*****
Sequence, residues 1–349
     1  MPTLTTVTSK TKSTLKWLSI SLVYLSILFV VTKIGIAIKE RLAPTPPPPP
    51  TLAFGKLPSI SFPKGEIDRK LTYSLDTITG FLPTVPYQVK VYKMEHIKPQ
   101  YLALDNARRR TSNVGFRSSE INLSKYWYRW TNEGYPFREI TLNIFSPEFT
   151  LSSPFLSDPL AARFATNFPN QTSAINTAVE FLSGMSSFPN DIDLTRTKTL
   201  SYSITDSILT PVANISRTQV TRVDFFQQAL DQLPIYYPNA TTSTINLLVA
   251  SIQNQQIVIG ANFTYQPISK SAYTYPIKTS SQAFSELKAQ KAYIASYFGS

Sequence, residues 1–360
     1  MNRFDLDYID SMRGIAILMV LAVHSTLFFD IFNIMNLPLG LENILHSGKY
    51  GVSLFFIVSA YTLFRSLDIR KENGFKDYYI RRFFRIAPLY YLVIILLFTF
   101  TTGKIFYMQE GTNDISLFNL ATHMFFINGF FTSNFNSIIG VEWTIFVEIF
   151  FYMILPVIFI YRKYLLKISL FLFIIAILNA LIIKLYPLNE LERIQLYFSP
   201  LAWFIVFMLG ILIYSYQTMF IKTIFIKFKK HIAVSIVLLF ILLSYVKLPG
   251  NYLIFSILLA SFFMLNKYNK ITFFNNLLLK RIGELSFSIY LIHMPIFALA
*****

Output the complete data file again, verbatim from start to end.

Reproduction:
Sequence, residues 1–349
     1  MPTLTTVTSK TKSTLKWLSI SLVYLSILFV VTKIGIAIKE RLAPTPPPPP
    51  TLAFGKLPSI SFPKGEIDRK LTYSLDTITG FLPTVPYQVK VYKMEHIKPQ
   101  YLALDNARRR TSNVGFRSSE INLSKYWYRW TNEGYPFREI TLNIFSPEFT
   151  LSSPFLSDPL AARFATNFPN QTSAINTAVE FLSGMSSFPN DIDLTRTKTL
   201  SYSITDSILT PVANISRTQV TRVDFFQQAL DQLPIYYPNA TTSTINLLVA
   251  SIQNQQIVIG ANFTYQPISK SAYTYPIKTS SQAFSELKAQ KAYIASYFGS

Sequence, residues 1–360
     1  MNRFDLDYID SMRGIAILMV LAVHSTLFFD IFNIMNLPLG LENILHSGKY
    51  GVSLFFIVSA YTLFRSLDIR KENGFKDYYI RRFFRIAPLY YLVIILLFTF
   101  TTGKIFYMQE GTNDISLFNL ATHMFFINGF FTSNFNSIIG VEWTIFVEIF
   151  FYMILPVIFI YRKYLLKISL FLFIIAILNA LIIKLYPLNE LERIQLYFSP
   201  LAWFIVFMLG ILIYSYQTMF IKTIFIKFKK HIAVSIVLLF ILLSYVKLPG
   251  NYLIFSILLA SFFMLNKYNK ITFFNNLLLK RIGELSFSIY LIHMPIFALA